This compares with the way in which Sweeny reveals, at the end of his poem that the house he was describing, was actually the house he grew up in which implies that he had an impoverished childhood: “And I did grow up there.” This is because like Brendon the truth about the house is hidden till the end.
Both poems suggest a lonely childhood. Kay’s loneliness is proved by the fact that she felt the need to imagine a friend. Her loneliness is also shown by the fact that she imagined Brendon with a large family: “He had six brothers and I had one, my Brendon Gallacher.” This meant that she could invent conversations with him about his family and she would feel like she was part of them.
Sweeny on the other hand, shows his loneliness by telling us that:
“Neighbours never entered
As often as in other houses.”
This gives the impression that his neighbours excluded him and his family, from the community.
Sweeny also mentions with pride that although his family was poor, their had a piano which was their one precious possession: “but it did have a piano upstairs,” which gives him and his family a claim to respectability.
Like Kay, Sweeny also has an imaginary figure in his poem:
“a friendly ghost was glimpsed
at the foot of a bed.”
However, he does not claim that he was the one to see it but he gives the impression that it may have been friendly because it may have been the ghost of a drowned man, to whom they gave shelter when his body was pulled out of the sea:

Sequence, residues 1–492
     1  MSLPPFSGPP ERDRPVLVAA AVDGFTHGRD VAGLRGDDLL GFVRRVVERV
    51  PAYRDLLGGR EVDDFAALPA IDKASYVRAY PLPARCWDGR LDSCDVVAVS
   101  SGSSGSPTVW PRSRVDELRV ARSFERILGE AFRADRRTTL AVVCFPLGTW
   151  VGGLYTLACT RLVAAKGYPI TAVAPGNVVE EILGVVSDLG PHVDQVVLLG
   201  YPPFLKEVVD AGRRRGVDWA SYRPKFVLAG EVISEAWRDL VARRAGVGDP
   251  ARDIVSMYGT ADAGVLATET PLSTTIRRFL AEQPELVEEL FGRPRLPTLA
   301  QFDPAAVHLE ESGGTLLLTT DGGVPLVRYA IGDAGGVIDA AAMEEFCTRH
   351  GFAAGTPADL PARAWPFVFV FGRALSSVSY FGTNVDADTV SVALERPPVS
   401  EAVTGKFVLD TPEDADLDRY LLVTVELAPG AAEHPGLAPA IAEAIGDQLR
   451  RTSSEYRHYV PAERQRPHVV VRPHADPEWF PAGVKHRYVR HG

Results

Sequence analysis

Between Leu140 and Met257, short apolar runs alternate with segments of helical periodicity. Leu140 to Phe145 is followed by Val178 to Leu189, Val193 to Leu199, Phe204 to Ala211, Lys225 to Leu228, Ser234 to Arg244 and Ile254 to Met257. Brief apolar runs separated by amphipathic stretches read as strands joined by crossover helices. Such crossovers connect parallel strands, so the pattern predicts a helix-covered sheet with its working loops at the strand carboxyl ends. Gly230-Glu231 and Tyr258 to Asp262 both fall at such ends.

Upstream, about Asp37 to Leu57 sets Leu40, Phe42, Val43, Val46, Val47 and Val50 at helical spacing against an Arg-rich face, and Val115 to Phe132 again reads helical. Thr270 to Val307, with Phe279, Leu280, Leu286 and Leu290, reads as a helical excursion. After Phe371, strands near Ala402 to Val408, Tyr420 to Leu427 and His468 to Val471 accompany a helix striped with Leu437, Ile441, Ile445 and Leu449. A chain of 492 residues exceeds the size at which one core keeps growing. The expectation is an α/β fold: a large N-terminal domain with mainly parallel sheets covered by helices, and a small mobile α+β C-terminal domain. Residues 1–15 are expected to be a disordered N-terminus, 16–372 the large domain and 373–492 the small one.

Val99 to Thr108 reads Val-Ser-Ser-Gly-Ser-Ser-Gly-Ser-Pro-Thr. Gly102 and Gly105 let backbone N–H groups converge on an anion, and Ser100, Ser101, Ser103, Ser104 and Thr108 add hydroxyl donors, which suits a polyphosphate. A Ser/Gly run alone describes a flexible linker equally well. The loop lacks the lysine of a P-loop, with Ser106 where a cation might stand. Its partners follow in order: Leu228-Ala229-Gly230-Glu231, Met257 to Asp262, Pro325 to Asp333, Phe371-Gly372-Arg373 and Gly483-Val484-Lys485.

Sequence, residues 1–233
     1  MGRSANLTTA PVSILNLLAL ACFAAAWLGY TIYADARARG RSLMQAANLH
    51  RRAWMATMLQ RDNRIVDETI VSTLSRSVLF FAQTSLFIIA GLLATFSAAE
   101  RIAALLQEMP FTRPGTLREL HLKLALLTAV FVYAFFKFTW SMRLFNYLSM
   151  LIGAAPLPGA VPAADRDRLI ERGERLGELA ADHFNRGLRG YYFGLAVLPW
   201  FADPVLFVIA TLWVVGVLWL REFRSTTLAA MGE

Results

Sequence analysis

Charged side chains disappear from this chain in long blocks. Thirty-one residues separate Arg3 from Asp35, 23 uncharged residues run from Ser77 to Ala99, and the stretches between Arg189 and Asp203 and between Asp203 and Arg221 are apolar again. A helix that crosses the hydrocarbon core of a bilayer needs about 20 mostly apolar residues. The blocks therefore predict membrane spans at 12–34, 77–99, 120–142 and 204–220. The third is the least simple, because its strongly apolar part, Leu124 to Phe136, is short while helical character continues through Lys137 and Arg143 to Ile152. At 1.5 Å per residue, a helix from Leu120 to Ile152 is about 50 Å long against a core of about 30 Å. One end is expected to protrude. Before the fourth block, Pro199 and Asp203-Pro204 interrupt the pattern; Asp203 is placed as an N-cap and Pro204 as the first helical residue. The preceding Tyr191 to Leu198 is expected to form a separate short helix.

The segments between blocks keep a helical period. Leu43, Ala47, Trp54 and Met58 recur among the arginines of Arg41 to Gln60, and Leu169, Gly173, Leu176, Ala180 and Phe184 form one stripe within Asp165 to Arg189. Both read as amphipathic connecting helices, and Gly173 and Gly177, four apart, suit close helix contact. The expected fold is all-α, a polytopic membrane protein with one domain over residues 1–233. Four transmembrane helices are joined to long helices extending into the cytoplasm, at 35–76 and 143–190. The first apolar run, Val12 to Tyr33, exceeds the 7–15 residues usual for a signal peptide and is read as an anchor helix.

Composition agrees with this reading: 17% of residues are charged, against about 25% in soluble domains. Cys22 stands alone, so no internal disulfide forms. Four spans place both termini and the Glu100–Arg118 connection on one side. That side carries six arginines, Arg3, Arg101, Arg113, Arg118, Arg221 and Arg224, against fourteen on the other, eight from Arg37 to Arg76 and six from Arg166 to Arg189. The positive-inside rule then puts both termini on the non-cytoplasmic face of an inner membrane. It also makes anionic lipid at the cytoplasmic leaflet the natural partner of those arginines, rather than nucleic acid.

“its ration of the drowned
one of whom visited the house
carried there on a door.”
These images of a ghost and a body give the impression that a murder had taken place in the house however; Sweeny stresses that there were no murders, apart from the killing of lambs for food.
In comparison, the image of the dead Brendon Gallacher, stretched out on Kay’s bedroom floor and the detail with which he is described:
“…………his spiky hair
his impish grin, funny flapping ear,”
gives the impression that he had been murdered by Kay’s mother. This makes us feel as though he’s death was real so we feel Kay’s pain at his loss.
At the ending of Sweeny’s poem, we are given dark, inhospitable imagery:
never took over the interior,”
which suggest that it was neither light nor warm during the day. This image is reinforced by the image of the crows, waiting to nest in the chimneys:
“Crows were always sitting
on the wires, planning nests
in the chimneys,”
which suggest that fires were rarely lit, probably because of the cost of coal, which explains why the bedrooms were always cold. The poem ends on a note of possession, as though he did have some affection for the house as he excuses its faults with:
“but it did have a piano upstairs.
And I did grow up there.”
This suggests that he experience some happiness there.
Similarly, the possessive pronoun is stressed in a note of regret and mourning at the end of Kay’s poem:
“O Brendon, Oh my Brendon Gallacher.”
That last line makes Kay’s mother’s stark revelation about Brendon never living at “24 Novar” all the more crass and insensitive as though she did not realise that she had killed her daughter’s best friend.
The poems, “Brendon Gallacher,” by Jackie Kay and “The House,” by Matthew Sweeny present childhood memories through Kay’s detailed imagery of Brendon and Sweeny’s cold and inhospitable images, which show the feelings of the poets clearly. Through this, we are able to reveal their loneliness and their sense of affection and loss.